3. Disconnect the hoses from the cylinder head cover and loosen the cover bolts in 5-6 steps, in the reverse order of the tightening sequence. Remove the cylinder head cover.
  4. Remove the timing belt cover and the timing belt.




Click image to see an enlarged view

Fig. Fig. 14: Loosen the cylinder head bolts evenly in 2-3 steps following the sequence



Click image to see an enlarged view

Fig. Fig. 15: Once all of the cylinder head bolts are loosened remove them along with their washers



Click image to see an enlarged view

Fig. Fig. 16: With the help of an assistant, lift the cylinder head off of the engine, complete with intake and exhaust manifolds



Click image to see an enlarged view

Fig. Fig. 17: Remove the old cylinder head gasket ...



Click image to see an enlarged view

Fig. Fig. 18: ... and, after stuffing rags in the cylinder bores, thoroughly clean the gasket mating surfaces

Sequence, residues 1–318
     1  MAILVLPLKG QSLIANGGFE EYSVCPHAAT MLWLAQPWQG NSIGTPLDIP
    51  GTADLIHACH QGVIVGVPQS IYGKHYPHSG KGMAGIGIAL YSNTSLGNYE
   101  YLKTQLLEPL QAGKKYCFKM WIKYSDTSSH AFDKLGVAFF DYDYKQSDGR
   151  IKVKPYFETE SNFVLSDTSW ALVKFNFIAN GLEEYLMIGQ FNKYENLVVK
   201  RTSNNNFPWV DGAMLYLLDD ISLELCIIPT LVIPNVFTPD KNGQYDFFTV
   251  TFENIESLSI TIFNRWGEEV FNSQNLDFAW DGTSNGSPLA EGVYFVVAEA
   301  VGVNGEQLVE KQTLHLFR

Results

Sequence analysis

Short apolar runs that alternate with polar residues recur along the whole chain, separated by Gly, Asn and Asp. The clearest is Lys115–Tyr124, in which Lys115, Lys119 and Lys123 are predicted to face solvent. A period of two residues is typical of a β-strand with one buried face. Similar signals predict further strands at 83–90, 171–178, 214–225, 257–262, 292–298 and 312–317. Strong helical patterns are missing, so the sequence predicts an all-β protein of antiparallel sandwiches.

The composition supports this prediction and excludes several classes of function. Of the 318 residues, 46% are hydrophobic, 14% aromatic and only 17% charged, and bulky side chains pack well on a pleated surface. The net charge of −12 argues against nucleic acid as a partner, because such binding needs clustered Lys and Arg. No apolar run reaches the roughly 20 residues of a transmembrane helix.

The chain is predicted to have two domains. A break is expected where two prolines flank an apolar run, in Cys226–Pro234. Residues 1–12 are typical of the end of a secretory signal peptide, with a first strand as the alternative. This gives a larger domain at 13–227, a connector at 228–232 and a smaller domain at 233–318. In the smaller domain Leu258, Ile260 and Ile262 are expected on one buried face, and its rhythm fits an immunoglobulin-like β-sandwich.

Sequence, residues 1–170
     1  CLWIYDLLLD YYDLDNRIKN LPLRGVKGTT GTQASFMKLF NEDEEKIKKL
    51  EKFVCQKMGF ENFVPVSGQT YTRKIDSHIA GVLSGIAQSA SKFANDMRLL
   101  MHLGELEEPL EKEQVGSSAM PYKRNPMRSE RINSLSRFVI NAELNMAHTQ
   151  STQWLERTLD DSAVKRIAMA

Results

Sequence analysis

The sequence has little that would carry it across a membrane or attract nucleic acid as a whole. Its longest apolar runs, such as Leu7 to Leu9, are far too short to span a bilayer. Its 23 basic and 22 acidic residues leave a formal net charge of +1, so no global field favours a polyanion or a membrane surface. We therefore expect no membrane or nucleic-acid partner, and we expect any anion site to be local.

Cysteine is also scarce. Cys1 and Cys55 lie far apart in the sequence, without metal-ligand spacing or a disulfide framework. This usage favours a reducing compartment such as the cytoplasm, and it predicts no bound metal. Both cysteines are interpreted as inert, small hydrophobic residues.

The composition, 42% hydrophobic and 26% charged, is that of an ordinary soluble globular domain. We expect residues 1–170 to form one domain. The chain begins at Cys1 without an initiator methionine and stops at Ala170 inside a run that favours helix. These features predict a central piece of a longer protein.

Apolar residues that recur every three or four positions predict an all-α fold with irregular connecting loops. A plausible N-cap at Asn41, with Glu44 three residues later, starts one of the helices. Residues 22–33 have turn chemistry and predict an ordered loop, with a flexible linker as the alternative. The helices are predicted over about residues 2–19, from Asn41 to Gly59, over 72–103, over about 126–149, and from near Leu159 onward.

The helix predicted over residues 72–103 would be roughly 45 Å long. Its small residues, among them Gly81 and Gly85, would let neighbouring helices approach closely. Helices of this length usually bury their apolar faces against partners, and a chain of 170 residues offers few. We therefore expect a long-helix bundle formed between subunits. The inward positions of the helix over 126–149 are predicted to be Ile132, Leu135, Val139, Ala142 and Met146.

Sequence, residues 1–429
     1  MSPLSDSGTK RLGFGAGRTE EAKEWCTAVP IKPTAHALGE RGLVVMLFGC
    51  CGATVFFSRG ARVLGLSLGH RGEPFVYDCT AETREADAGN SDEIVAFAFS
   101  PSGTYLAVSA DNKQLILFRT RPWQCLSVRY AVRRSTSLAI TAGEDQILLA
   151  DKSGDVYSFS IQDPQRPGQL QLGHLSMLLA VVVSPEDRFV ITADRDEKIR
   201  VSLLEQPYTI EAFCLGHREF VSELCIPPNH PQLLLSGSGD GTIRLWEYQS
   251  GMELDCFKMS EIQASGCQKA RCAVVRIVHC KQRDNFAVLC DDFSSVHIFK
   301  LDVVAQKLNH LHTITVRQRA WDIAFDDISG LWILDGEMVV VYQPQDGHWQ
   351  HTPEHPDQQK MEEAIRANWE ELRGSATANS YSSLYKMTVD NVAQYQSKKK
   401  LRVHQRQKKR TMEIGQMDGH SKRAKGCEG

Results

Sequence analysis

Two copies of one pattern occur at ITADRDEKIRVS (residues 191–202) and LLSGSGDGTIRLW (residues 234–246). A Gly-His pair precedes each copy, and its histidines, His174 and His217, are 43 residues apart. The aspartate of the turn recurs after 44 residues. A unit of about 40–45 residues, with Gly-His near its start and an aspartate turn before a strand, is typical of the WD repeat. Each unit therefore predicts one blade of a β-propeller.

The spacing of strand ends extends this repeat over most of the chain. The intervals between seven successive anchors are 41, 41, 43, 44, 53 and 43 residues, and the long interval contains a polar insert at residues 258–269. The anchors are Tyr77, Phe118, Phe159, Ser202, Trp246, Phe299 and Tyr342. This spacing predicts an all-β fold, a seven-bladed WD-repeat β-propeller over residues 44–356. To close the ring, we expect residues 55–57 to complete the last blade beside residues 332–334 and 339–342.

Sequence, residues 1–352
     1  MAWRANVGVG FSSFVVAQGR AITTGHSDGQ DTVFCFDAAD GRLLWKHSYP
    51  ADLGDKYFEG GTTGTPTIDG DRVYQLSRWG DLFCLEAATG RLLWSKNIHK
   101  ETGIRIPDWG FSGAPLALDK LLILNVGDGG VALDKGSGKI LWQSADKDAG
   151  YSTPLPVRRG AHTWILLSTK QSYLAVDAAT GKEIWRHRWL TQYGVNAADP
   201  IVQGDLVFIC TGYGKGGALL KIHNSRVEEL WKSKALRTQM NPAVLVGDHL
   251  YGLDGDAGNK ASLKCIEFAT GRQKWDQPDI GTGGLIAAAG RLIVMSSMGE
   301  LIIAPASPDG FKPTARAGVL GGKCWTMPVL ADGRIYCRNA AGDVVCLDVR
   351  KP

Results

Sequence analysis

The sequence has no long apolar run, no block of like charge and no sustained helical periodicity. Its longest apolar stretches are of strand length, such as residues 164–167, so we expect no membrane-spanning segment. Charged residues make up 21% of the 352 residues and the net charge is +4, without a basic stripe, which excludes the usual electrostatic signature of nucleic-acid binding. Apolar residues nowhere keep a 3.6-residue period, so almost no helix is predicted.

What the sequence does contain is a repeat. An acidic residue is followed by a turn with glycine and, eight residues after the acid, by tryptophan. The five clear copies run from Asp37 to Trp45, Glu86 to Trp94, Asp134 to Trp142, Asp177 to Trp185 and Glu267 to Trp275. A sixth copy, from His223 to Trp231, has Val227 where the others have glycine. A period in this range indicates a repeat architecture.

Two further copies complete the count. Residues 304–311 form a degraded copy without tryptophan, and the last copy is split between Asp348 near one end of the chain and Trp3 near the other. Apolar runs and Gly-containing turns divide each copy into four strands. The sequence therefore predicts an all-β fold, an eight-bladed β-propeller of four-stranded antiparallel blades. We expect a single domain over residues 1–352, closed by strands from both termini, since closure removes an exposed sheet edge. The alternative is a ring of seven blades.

1. Remove the coolant temperature sensor housing from the cylinder head. Remove the distributor.
  2. Remove the camshaft sprockets and the camshaft.
  3. Remove the hydraulic lifters. Identify each lifter as it is removed so it can be reinstalled in the same position. If the lifters are to be reused, store them upside down in an oil-filled sealed container.
  4. Loosen the cylinder head bolts, in 2-3 steps, in sequence. Remove the bolts and the cylinder head.
  5. Clean all gasket mating surfaces. Inspect the cylinder head for damage, cracks, and water and oil leakage. Check the head gasket surface for distortion using a straight-edge and feeler gauge. Maximum allowable distortion is 0.004 inch (0.10mm).


To install:

  1. Position a new cylinder head gasket on the cylinder block, and install the cylinder head.
  2. Apply clean engine oil to the bolt threads and seating faces. Install new cylinder head bolts and tighten in 2-3 steps, in sequence, to 13-16 ft. lbs. (17-22 Nm).
  3. Paint a mark on the edge of each cylinder head bolt to use as a reference. Turn each bolt, in sequence, 90 degrees. Again, turn each bolt, in sequence, an additional 90 degrees.




Click image to see an enlarged view